Teva is a sharp Generic product based drug company, its just that the MM's and at the moment that all that counts, views Teva as a tier TWO pharma Co and so the deal is less attractive (shopped around), it impacts their decision to make an investment in OGXI.
TEVA is number one in the world for aggressivenes IMO. They do have some propriatory drugs and they are expanding their pipeline expontenially. Their new target price from one brokerage house was noted to be $67. I wouldn't bet against them. They are the consumate competitor. They'll steal your drug to sell it generic, and they'll sue you if you try and manufacture one of their brand name drugs. That's alittle unsettling to me. Wish that OGXI had gone with Sanofi, or NVS instead. t
I doubt that any of the big pharmas is big on playing by the Marquess of Queensbury rules either. They bribe politicians and sue whenever it serves their interests, even if it's just to harass a competitor.
To me, the best partner for OGX-011 is whoever is selling the most Taxotere since it's joined at the hip to that drug. For now, of course, that would be Sanofi, but once its patent expires and Taxotere goes generic it may very well be Teva. I'm sure that was a major reason OGXI went with Teva. They've said repeatedly that it was a competitive bid and I find that credible.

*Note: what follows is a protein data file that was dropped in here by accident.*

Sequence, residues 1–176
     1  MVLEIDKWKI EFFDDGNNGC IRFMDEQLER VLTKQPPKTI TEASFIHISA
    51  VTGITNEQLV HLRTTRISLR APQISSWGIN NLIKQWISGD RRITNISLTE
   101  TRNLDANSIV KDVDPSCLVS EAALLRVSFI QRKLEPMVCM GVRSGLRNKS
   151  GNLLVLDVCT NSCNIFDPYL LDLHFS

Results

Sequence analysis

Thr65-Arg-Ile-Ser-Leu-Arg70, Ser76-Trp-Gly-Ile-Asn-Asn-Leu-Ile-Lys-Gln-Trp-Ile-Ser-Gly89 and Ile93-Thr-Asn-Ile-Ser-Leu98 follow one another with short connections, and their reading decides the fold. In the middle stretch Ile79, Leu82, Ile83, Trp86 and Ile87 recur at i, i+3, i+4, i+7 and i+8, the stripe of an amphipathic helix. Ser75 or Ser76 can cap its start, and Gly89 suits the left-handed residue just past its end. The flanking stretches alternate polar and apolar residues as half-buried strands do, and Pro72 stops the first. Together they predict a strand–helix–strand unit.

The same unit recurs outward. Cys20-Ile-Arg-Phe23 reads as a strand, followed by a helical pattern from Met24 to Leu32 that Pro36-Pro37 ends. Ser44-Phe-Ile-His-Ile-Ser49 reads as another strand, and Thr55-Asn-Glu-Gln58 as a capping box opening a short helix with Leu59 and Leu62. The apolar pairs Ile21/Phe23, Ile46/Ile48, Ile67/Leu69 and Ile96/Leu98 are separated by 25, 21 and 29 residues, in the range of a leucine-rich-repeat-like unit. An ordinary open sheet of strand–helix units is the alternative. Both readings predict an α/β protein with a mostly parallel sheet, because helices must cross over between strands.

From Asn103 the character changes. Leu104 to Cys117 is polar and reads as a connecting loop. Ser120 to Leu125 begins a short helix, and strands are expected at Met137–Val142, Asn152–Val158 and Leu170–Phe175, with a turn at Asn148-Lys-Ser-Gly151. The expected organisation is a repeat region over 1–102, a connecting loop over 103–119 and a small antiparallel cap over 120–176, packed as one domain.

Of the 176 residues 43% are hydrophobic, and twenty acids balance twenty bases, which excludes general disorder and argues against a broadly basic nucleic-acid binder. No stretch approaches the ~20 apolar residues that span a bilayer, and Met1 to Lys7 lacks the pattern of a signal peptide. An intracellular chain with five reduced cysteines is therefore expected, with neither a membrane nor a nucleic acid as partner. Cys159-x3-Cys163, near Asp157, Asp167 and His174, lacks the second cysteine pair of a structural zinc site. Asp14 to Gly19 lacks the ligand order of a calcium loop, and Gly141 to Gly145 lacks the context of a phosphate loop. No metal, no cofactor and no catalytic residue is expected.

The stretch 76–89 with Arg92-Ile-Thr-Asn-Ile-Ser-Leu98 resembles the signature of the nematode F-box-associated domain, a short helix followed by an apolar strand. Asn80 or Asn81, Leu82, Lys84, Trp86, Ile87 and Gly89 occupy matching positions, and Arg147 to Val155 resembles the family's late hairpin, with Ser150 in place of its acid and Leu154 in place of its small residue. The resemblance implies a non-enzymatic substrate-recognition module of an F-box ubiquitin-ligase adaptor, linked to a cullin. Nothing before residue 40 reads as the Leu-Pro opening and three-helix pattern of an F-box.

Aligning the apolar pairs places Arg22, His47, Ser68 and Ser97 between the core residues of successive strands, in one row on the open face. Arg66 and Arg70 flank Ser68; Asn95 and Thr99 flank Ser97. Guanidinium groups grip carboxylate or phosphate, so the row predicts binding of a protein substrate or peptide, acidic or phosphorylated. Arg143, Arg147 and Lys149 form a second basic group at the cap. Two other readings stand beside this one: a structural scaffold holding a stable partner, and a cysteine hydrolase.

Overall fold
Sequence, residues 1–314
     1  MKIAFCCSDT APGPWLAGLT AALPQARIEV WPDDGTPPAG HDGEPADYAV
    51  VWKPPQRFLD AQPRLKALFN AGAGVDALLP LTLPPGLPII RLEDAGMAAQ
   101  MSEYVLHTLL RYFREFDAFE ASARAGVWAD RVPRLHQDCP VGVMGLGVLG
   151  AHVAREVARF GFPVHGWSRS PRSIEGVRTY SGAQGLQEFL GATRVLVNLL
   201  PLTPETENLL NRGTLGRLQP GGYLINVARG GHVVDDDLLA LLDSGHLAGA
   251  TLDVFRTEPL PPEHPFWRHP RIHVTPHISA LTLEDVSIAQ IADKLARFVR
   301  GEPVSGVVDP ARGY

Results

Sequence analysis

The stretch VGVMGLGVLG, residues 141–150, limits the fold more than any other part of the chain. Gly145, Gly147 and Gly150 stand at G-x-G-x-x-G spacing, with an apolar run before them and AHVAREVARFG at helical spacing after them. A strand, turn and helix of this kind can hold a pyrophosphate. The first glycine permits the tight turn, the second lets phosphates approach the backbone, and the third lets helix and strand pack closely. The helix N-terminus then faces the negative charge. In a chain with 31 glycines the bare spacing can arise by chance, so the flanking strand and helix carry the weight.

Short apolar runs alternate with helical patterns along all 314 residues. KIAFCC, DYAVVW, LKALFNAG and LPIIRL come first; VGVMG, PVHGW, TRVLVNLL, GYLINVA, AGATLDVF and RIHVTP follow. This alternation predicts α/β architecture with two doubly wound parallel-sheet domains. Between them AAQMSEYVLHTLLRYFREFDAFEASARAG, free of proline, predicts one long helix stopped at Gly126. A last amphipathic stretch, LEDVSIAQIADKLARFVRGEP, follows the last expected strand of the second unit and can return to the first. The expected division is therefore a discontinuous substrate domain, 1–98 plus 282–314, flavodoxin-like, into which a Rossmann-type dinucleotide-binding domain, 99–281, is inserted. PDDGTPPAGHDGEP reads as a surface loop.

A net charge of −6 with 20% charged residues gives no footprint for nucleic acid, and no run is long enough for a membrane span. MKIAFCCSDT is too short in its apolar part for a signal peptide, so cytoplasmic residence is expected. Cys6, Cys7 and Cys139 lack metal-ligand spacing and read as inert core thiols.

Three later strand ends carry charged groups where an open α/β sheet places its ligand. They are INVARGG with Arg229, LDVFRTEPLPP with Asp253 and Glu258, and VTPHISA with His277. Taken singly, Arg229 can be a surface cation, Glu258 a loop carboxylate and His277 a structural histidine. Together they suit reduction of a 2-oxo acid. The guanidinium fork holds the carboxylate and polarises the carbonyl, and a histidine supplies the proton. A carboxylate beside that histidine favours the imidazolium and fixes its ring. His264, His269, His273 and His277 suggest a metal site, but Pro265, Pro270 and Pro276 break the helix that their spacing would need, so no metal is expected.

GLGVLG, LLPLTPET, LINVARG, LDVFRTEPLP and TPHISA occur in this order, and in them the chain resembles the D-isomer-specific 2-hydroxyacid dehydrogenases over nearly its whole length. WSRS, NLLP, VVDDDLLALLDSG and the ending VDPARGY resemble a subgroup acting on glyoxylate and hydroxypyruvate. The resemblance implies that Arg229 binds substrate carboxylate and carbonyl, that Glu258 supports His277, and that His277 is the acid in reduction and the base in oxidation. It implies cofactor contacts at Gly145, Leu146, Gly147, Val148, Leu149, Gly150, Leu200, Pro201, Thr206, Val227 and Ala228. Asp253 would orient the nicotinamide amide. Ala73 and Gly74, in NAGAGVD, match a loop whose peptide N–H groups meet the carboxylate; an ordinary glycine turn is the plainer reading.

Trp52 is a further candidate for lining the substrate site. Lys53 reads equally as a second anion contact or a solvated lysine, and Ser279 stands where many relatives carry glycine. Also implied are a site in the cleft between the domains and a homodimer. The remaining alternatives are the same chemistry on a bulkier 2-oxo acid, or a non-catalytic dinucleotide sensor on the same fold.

Just repeating what others have said. The patent for Taxotere expires later this year (though some secondary patents may continue a little longer). When it does, Teva will undoubtedly begin marketing a generic version. Since OGX-011 is used in combination with Taxotere, if OGX-011 is approved Teva would be ideally situated to market it. There is clinical risk here, obviously, but if OGX-011 succeeds in extending survival and/or reducing pain relative to Taxotere alone, I don't think Teva will have any problem selling it.